New employment demands, new skills

In its report entitled Assessing and Anticipating Changing Skill Needs, the OECD highlights the existence of an imbalance in the skills required in advanced economies. 40% of European workers consider that their skill levels don’t correspond to what is required to do their job. 3 out of every 10 workers believe that they possess the skills to do their work while 1 in every 10 considers that they need to practise their skills to be able to perform their duties. Moreover, many companies find it hard to cover their vacancies because they cannot find candidates with the necessary skills in the jobs market.

Given this situation, the mismatches in skills give rise to costs for workers, businesses and the economy. For example, employees’ lack of skills may affect business’s capacity to innovate and adopt new technologies, as well as reducing productivity due to the inappropriate appointment of employees to posts. And of course would-be employees are also affected by the mismatch in skills since this mean a high risk of unemployment, low salaries, low job satisfaction and poor career prospects.

To resolve the imbalances and the lack of skills political intervention is required, but doing this successfully means having accurate information about current skills and those that will be required in the future. The OECD report identifies the strategies to be followed, transforming the qualitative and quantitative information on skills required into the relevant political actions. After its analysis, the following conclusions can be reached:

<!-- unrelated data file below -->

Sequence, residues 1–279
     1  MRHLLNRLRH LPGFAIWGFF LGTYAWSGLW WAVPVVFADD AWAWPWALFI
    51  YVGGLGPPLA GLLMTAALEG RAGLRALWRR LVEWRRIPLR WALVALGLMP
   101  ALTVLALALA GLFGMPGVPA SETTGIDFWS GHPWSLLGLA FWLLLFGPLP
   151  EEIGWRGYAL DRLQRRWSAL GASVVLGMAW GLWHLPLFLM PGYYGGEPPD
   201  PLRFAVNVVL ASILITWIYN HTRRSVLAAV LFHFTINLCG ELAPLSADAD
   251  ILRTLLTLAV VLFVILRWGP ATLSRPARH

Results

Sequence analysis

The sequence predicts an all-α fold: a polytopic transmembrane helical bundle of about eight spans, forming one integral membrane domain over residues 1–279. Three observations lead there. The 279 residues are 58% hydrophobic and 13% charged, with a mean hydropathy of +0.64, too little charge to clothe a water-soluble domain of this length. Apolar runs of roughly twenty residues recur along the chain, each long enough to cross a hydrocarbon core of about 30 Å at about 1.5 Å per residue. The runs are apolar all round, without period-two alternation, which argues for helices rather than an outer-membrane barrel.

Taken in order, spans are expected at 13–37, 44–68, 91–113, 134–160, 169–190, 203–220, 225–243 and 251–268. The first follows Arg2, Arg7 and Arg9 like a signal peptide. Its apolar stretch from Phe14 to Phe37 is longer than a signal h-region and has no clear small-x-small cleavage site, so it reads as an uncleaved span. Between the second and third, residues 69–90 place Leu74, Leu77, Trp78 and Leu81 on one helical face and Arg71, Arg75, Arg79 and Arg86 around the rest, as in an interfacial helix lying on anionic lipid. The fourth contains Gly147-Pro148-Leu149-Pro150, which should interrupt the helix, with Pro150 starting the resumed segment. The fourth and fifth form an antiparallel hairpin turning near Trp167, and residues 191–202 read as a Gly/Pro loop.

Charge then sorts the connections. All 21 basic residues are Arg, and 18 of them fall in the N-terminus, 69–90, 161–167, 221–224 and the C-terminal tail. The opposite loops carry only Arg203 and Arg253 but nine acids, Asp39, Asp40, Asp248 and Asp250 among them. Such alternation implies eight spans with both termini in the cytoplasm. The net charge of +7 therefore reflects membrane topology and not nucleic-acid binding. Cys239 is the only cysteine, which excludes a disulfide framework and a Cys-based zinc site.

• Systems and tools for assessing and anticipating skills needs exist in all countries but approaches vary significantly in terms of how skills needs are calculated, their methods, their scope (whether national, regional or sectoral) etc.
  • Skills challenges are common to various political fields, and therefore information on skills needs is vitally important to shape the different political dimensions and contribute to the development of a systematic and complete political response to the imbalances.
  • Major challenges must be overcome to guarantee that the information on skills needs is used broadly and efficiently: the characteristics of the exercises are often not aligned with the potential uses of the policy: the skills defined may not correspond to useful policy variables, output may be very technical or the results may not be sufficiently disaggregated at regional, sub-regional and sectoral level. In addition key stakeholders may not be sufficiently engaged and, when they are, disagreements about skills needs and the required policy response arise, making it necessary to build a consensus.
  • Linking these exercises to more specific policies that may help to overcome some of these challenges but at the risk of losing wider relevance.
  • Information on skills needs is most effectively used in policy making when there is good coordination among the ministries and stakeholders involved.